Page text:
Until recently, however, most experts in the realm of neuroscience and psychiatry didn’t lend much credence to this far-out technique of retraining brainwaves. The process was first devised by neuroscientists at UCLA and the University of Chicago in the 1960s, before falling out of favor. And whenever neurofeedback did garner mainstream attention, little of it was positive: several recent meta-analyses have cautioned that the practice holds little-to-no potential, and that studies extolling neurofeedback’s benefits are poorly designed and typically evaluate small numbers of patients. “If proponents of [neurofeedback] wish to promote their treatment, they must do so on the basis of efficacy experiments that provide strong experimental tests,” reads one analysis published in Science & Pseudoscience.

But more scrupulous studies are starting to happen, and the results are intriguing. In one newly published study, a team at the University of Montreal performed a trial of neurofeedback designed, for the first time, to look for changes in the structure of the brain following treatment. Over a span of 13 weeks, 15 patients underwent thrice-weekly neurofeedback sessions designed to enhance attention levels, while 15 others partook in sham sessions instead. Patients who received genuine neurofeedback experienced improvements in their visual and auditory attention levels, and — most notably — MRI scans revealed that the brains of those patients showed structural changes in regions linked to attention skills.

“This is the first study to look at changes in brain structure following neurofeedback,” study co-author Jimmy Ghaziri, an M.Sc. candidate in neurology at the University of Montreal, told The Verge. “To me, this is a big result, and I hope that doctors skeptical of neurofeedback look at this and rethink their perspective.”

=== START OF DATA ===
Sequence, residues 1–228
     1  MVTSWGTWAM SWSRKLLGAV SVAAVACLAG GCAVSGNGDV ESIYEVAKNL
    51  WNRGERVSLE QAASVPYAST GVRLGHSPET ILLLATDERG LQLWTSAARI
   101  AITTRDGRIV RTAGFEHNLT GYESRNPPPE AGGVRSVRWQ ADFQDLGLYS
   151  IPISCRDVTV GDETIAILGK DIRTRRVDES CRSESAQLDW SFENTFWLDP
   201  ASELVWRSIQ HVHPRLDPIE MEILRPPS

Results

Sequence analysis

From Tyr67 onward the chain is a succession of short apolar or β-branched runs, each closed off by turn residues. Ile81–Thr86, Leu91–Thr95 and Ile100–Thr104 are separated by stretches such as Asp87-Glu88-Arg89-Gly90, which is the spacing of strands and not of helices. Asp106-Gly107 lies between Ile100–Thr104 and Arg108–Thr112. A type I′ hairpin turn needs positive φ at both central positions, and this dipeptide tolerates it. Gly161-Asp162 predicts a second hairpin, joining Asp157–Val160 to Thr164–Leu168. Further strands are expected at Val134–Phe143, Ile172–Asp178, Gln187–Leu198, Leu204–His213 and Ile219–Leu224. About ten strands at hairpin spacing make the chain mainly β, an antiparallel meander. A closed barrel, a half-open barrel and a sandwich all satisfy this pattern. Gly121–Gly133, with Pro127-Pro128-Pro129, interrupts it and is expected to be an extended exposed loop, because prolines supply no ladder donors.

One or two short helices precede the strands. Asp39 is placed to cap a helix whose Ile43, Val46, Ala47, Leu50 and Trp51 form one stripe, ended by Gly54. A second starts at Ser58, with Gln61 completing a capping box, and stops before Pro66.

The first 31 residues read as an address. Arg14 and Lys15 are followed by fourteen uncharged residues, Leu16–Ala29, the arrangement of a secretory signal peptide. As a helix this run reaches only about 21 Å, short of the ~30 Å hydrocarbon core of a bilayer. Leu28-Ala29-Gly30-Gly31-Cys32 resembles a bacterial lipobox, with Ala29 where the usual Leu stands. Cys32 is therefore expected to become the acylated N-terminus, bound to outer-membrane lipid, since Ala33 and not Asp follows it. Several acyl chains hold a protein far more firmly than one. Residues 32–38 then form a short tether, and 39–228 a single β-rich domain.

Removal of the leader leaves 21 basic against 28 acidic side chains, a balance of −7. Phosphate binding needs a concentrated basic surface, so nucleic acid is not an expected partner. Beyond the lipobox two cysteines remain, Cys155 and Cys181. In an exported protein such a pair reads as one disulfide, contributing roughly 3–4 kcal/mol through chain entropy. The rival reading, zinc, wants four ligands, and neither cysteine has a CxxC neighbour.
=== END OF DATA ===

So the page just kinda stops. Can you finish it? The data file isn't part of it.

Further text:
At least some former doubters are taking note

After examining the results of this new study, at least some former doubters are taking note. “What this shows is that neurofeedback did, in fact, have an effect on the brain and enhances pathways where you’d want them enhanced,” Andrew Leuchter, M.D., a professor in the Department of Psychiatry and Biobehavioral Sciences at UCLA, told The Verge. “That’s a strong step and an encouraging finding.”

Others, however, are less optimistic that this research will be a game-changer for the field. “This isn’t going to convince any scientists,” John Kounios, Ph.D., a professor of psychology at Drexel University and a specialist in cognitive neuroscience, told The Verge. In particular, Kounios notes, the study didn’t include enough participants, and it wasn’t what scientists consider “the gold standard” for research into potential new treatments: a double-blind, randomized controlled trial in which neither participant nor clinician knows who is receiving placebo. In this study, only participants were in the dark. “When people’s time, money, and health are at stake, it’s imperative to do the tightest research possible,” Kounios said.

"We may never know exactly how much potential there is."

When that kind of conclusive research will happen, however, remains an open question. Trials on neurofeedback are inevitably costly because of the equipment involved, and require a lofty time commitment on the part of both patients and clinicians. Most importantly, advocates argue, the research protocols mandated by mainstream medicine are designed for pharmaceutical trials — where it’s easy to blind all parties as to which patients are getting the sugar pill. “It is a longer and less pleasant road” to find broad acceptance without following the conventional approach, Othmer said. “[But] such a definitive study is beyond the reach of clinicians.”

Even Kounios himself readily admits that neurofeedback holds promise. Science just might not unlock it anytime soon. “There is a lot of potential,” he said. “But we may never know exactly how much potential there is.”